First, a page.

Once upon a time seems an appropriate way to open a tale about turret towers. They are, after all, most often associated with the fairytale Rapunzel, in which the eponymous princess is imprisoned in a tower that can only be accessed by climbing her hair to reach her turret window.
In fact, the tower said to have inspired that particular story still draws tourists today. While the best-known version is the German fairytale penned by the world-famous Grimm Brothers, the idea is thought to stem from the ancient city of Nicomedia (today part of Turkey) and the legend of Saint Barbara – a Christian martyr locked away by her protective father. While little evidence remains to support the legend, the enchanting Galata Tower is frequently referred to as the “Rapunzel Tower” because of its quintessentially fairytale design, which even now tops many tour group itineraries.
The image of Rapunzel’s golden hair tumbling from a turret has become so ingrained in our collective imagination that turrets today are considered almost inseparable from love stories and fairytale castles – but in real life, they were born of a much more practical idea.
A Tale As Old As Time
In the days before National Trusts and public tours, medieval castles served as not just romantic relics of times gone by, but as the hub of noble life and the kingdom’s crucial fortress during conflict. As such, design elements were required to be not just aesthetically pleasing but fully functional as well.
When turret towers were first introduced, they were not the home of damsels, but they did provide cover for those in distress. The elevated position allowed soldiers to take a defensive position during battles, while providing a strong position from which to fire on any enemy forces that approached the castle walls – in a similar fashion to the hourds that were the forefathers of modern balconies.
As they became a more common feature, the focus shifted to style. In Scottish Baronial style castles, they were used in a much more decorative fashion. This trend endured throughout architectural movements all the way to the late Victorian era homes, where buildings that fell under the Queen Anne style frequently featured elaborate turret rooms adjacent to sitting rooms. It’s thought that this continued preference for turret rooms was in part influenced by the 19th Century art movement of the Great Romantics.
A Tale of Two (Types Of) Towers
Often, differentiation between “turrets” and “towers” is put down to pedantry, but there are key architectural disparities between the two. The latter typically begins at ground level, and often serves as a separate structure or at least its own terraced room. Turrets, on the other hand, are often adjunct to other rooms, and sit on the second floor or above.
Another separate but often underused term is an “apse”, which specifically refers to the domed semi-circular rooms often found in 14th Century churches and today used in nostalgic architecture to add an element of grandeur to a building’s design.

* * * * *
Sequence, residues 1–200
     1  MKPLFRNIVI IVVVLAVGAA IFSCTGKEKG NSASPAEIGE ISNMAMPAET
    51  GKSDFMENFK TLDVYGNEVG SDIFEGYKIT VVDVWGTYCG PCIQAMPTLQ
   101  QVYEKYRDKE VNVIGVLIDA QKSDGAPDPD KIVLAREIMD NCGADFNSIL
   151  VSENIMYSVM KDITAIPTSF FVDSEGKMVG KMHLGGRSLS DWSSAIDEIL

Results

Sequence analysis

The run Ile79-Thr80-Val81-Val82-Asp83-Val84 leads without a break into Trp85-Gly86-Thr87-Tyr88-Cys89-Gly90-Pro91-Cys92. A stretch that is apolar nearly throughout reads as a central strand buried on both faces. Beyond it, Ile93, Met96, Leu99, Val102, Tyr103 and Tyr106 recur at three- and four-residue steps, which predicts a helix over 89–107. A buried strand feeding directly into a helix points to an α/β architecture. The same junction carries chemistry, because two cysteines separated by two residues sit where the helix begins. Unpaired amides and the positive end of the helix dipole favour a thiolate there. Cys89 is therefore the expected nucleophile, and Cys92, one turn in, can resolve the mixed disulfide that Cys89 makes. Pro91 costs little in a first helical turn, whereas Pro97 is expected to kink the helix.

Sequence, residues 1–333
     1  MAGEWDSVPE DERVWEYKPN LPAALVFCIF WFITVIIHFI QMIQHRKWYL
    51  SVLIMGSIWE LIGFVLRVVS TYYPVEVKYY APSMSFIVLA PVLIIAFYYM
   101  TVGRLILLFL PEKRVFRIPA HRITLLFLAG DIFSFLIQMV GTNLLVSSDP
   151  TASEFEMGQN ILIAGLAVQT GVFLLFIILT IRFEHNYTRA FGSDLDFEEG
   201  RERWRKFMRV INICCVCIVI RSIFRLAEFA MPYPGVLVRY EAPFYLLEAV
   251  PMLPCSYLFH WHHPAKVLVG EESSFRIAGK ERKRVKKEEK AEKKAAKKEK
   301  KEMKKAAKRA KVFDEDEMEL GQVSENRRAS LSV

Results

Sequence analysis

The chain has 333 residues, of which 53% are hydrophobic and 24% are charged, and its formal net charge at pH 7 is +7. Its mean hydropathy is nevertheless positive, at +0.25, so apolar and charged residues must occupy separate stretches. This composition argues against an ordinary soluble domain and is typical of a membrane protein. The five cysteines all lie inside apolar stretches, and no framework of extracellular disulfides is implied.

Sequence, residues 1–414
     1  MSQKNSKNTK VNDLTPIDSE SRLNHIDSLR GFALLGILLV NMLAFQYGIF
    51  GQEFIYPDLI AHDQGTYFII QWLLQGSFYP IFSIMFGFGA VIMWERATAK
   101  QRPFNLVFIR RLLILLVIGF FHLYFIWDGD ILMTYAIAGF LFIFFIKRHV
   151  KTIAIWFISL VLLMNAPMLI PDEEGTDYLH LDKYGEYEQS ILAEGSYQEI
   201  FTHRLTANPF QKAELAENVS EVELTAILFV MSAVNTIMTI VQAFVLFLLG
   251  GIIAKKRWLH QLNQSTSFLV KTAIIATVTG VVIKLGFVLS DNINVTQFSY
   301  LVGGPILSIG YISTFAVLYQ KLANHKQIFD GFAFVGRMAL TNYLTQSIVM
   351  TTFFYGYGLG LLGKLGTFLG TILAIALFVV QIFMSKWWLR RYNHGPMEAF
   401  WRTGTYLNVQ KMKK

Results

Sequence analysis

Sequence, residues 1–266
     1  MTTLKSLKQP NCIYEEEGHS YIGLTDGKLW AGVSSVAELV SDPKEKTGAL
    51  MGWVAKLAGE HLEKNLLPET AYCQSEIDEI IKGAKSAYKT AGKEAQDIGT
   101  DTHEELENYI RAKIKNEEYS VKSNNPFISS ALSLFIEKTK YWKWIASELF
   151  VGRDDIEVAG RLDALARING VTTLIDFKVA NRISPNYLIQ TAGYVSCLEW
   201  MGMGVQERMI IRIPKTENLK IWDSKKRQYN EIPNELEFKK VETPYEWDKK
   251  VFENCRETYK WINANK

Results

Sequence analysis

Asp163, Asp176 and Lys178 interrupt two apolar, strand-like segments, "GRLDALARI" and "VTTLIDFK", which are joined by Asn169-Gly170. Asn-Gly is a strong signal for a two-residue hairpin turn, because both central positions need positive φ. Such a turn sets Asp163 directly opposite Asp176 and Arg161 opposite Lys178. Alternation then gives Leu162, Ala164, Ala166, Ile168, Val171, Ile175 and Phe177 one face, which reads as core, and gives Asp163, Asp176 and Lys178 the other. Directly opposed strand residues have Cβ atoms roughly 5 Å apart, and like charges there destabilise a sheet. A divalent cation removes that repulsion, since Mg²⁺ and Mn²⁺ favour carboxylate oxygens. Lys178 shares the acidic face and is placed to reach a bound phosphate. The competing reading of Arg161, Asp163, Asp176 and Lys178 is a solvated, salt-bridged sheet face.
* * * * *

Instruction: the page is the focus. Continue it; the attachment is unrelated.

Fairest In All the Land
One of the most famous turrets is located at the Tower of London. In fact, there are four turrets situated at the White Tower of the one-time jail that dominates London’s North Bank, each five stories high. Three of these are square in silhouette, while one is rounded – making it the perfect site for the famous Royal Observatory.
Another iconic turret tops the beautiful Belem Tower in Lisbon. Once a 16th Century harbor fortress and today a UNESCO World Heritage Site, Belem Tower is recognized around the globe for its intricate stonework and, of course, its decorative corner turrets.
For more modern inspiration, one could look to the Hamptons, to Christie Brinkley’s appropriately named Tower Hill estate. On the market for an impressive $30 million – a sum that’s unsurprising given the spacious grounds and romantic architecture dating back to 1891. One of the estate’s most notable features is a five-story tower, once used by the Gardiner family to keep an eye on their extensive land. Today, it boasts a beautiful ocean view as well as an excellent opportunity for stargazing.
A Modern Day Fairytale
While there is little need for turret towers as battle structures in today’s society, architects still find many purposes for the design. Circular silhouettes make the perfect scape for large bay windows, allowing light into sitting rooms and making the most of natural views. This idea is often extended into open-air gazebo balconies, which offer a contemporary twist on the traditional turret.
If you’re feeling inspired to add your own turret to your property, architect Lee Jacobsen offers practical advice. He emphasizes the importance of ratio, stating that balancing proportions is one of the biggest challenges when making a new addition to a house. Laura Smiros, a partner at Smiros&Smiros Architects, adds that they work best with “informally structured homes” rather than symmetrical buildings.
While there are a number of factors to take into consideration before beginning your renovations, there are some aspects deemed entirely flexible. For example, there are no set rules dictating the placement of your turret tower, nor are there many restrictions on shape. Today’s designs range from hexagonal structures set at the center of a house to traditional rounded shapes placed in the corner.
Even through transitioning times, trends and traditions, the love affair between architects and turret towers persists. It seems this is one design trend destined to remain happily ever after.